NUTRITION: Healthy Snacks | Great Health Guide
NUTRITION: Healthy Snacks

NUTRITION: Healthy Snacks

‘Healthy Snacking’ by Dr Claire Madigan & Jessica Honeywood published in upcoming Great Health Guide (Sep 2016). Do you often experience the dreaded 3pm slump? That noticeable drop in attention and energy levels and manage this drop, by (shamefully) reaching for a sugary snack or popping out for a caffeine hit? Snacking doesn’t necessarily have to be unhealthy. Read this article for some healthy snack ideas.
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NUTRITION: Healthy Snacking

written by Dr Claire Madigan & Jessica Honeywood

Do you often experience the dreaded 3pm slump? That noticeable drop in attention and energy levels and manage this drop, by (shamefully) reaching for a sugary snack or popping out for a caffeine hit? 

Well, you’re not alone. 

A recent study into Australian eating habits found one in three of us snack between meals. Shockingly, this mindless snacking now accounts for a third of our total energy intake!

In 2015, over half of Australian women were found to be overweight or obese, with approximately one in six Australian adults over 25 to be suffering with pre-diabetes, a condition where blood glucose levels are higher than normal but not high enough to be diagnosed as diabetes. Of those diagnosed with pre-diabetes, 10% each year will progress to developing type 2 diabetes.

We live in an environment with constant encouragement to eat and this can lead us to gain weight. On average, people snack 14 times per week; with the snacks that are being consumed tending to be readily available, processed, high-energy foods. If people simply reduced their snacking by half, they could save themselves 2344 calories (9800 kilojoules) per week – this equates to a 2.1kg weight loss over eight weeks! 

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So to lose weight or maintain a healthy diet, is cutting out all snacks the way to go? 

‘Not all snacking is unhealthy. It can actually help us control our weight. High energy and high fat snacks should be limited and healthy, more filling snacks should take their place. The simple act of planning your day before you leave the house can make a big difference to the number of snacks you consume over the day. The real challenge people face is understanding the difference between being hungry and thirsty, or knowing when they need a quick break.’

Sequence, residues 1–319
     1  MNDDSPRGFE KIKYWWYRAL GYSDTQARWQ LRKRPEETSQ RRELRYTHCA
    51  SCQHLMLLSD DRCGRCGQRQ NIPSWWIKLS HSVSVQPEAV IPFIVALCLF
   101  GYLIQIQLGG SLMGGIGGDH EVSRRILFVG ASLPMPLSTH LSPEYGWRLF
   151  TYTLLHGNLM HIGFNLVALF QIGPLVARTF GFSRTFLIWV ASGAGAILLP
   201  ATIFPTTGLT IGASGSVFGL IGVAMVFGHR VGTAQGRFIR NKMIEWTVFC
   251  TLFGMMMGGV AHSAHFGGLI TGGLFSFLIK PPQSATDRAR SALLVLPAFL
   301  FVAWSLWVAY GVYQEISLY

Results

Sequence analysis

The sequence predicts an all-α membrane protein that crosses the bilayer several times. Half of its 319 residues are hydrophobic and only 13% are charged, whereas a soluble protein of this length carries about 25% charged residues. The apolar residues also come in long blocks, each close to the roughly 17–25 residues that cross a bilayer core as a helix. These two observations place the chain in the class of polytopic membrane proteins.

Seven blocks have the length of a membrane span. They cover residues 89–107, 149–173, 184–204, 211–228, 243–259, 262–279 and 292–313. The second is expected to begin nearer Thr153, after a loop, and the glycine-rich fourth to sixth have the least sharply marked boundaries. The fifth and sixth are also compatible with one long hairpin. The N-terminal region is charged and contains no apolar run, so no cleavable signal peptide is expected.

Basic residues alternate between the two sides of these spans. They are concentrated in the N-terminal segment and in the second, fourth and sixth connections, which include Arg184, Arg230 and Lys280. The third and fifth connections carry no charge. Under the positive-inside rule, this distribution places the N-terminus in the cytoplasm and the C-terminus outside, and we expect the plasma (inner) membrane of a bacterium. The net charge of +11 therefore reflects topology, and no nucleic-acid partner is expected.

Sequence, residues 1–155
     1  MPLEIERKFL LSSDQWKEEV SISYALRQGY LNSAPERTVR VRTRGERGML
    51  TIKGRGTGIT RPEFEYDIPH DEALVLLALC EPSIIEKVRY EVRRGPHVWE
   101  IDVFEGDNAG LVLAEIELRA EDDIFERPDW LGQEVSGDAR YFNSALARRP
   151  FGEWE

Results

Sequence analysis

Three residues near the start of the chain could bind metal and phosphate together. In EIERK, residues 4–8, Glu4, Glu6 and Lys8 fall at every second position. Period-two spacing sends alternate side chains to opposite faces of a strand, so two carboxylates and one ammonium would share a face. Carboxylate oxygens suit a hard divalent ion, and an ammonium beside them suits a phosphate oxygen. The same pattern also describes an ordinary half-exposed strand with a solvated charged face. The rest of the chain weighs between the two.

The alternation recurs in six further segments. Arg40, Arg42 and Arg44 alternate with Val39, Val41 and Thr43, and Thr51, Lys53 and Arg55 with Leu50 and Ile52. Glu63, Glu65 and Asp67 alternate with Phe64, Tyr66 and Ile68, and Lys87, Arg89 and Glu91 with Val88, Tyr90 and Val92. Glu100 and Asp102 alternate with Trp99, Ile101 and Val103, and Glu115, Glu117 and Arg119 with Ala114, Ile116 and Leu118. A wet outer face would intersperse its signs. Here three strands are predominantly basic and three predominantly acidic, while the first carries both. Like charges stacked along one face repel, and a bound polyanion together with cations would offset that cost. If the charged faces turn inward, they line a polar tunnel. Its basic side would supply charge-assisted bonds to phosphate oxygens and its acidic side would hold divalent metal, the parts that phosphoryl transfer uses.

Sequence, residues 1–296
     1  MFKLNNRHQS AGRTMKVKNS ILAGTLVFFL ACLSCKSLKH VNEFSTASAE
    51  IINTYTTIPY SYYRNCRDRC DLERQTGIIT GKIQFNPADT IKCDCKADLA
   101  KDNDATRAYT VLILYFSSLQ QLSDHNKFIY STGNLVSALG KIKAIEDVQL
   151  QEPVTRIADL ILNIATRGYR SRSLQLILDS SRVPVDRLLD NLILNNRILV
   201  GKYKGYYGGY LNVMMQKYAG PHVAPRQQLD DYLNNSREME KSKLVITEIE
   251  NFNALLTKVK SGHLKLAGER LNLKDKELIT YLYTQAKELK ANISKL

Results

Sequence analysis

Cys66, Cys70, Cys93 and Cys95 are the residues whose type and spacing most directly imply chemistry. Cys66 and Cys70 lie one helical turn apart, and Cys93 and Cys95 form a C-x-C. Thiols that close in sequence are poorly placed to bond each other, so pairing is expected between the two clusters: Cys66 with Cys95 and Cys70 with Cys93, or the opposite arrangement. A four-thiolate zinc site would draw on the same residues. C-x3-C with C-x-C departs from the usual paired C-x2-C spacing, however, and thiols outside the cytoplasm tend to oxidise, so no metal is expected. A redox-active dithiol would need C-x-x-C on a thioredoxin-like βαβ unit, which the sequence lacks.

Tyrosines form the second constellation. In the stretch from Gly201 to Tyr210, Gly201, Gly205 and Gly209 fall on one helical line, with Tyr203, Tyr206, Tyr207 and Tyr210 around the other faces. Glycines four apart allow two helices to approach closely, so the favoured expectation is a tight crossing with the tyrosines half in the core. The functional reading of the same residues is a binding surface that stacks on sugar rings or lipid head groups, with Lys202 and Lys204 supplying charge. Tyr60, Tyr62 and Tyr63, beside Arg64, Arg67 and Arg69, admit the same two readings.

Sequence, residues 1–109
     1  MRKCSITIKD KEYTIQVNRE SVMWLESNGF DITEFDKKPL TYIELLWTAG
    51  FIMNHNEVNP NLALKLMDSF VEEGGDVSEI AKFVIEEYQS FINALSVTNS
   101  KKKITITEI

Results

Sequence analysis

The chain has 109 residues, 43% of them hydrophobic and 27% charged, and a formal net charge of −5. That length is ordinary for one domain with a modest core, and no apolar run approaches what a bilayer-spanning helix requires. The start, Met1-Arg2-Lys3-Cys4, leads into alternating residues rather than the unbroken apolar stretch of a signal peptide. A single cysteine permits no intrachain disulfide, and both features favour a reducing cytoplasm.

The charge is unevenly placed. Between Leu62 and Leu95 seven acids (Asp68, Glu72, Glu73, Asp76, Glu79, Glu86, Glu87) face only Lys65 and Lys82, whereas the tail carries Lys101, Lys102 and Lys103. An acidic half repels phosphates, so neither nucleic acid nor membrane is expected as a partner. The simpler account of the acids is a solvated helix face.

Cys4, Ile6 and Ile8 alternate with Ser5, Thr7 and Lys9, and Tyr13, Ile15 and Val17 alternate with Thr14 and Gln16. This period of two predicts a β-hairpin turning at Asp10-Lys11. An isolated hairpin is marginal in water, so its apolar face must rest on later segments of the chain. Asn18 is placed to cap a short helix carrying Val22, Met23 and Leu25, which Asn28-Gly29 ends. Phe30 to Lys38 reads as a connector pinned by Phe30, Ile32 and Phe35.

Tips to help beat the 3pm slumps and limit snacking:

  • Start the day with a filling and nutritious breakfast – ‘Oats are a great example of a healthy, low GI breakfast which keeps you feeling full and powered throughout the morning.’

  • Be aware of your snacking habits – ‘Make a conscious decision to have healthy snacks.’

  • Plan your snacks – ‘Just like planning dinner, plan snacks in advance to help save time and avoid easy-access sugary snacks.’

  • Choose fruit and low-fat dairy snacks – ‘Fruit and low-fat dairy foods are often missing in our daily diet. Fruit contributes to your daily intake of stomach-filling fibre and dairy is a great source of calcium and protein.’

  • Don’t shop hungry – ‘Isn’t it funny how product packaging seems to influence our shopping decisions more when we shop hungry? Avoid the trap and eat before you go food shopping, even if it’s just an apple.’ 

  • Keep healthy shelf-stable snacks on hand – ‘Having healthy snacks, such as unsalted nuts available at home and work can help you manage your energy intake.’

  • Buy in bulk and in season to save money – ‘The cost of pre-packaged snacks can be very expensive. Buy fruits and vegetables in season and bulk-buy nuts that you can then portion into snack-able portions.’

  • Stay hydrated – ‘Visible cues such as a drink bottle on your desk can remind you to drink water.’

  • Take a break – ‘Sometimes a short walk with exposure to natural light and fresh air are all you need and can help you avoid reaching for a snack.’ 

But what does a healthy snack look like?

Accredited Practising Dietitian Jessica Honeywood recommends choosing high fibre snacks with at least 3g dietary fibre per serve, since ‘fibre helps slow down the digestion of food and keeps you feeling fuller for longer’. Also look for snacks that contain between 100kCal (420kJ) and 150kCal (600kJ) per serve, ‘this calorie or kilojoule information is available from the Nutrition Information Panel found on labels of packaged foods.’

Here are some of Jessica’s examples of healthy snacks, aim for two per day: 

  • 1 medium size piece of fruit

  • 20g unsalted nuts

  • 4 Vita-Weats with 1½ tablespoons low fat ricotta and sliced tomato

  • 1 small 130g tin of reduced salt baked beans

  • Raw veggie sticks with 2 tablespoons low fat hommus

So beat that 3pm slump and maintain a constant energy level by eating these healthy snacks above and see the difference this will make in your day.

Author of this article:
Dr Claire Madigan PhD, is a Clinical Trials Manager and Research Fellow. She oversees clinical trials at Boden Institute that investigates diabetes prevention, cholesterol reduction, probiotics, exercise and behavioural change. Jessica Honeywood APD & AN, is a Research Study Coordinator and Dietitian providing dietitian consultations as part of the weight loss and cholesterol reduction trials at Boden Institute. She also runs a private dietician consultancy. Both Claire & Jessica are based at the University of Sydney’s Boden Institute. 

4 Ingredients Healthy Diet

by Kim McCosker



Paperback.   Published 2016.
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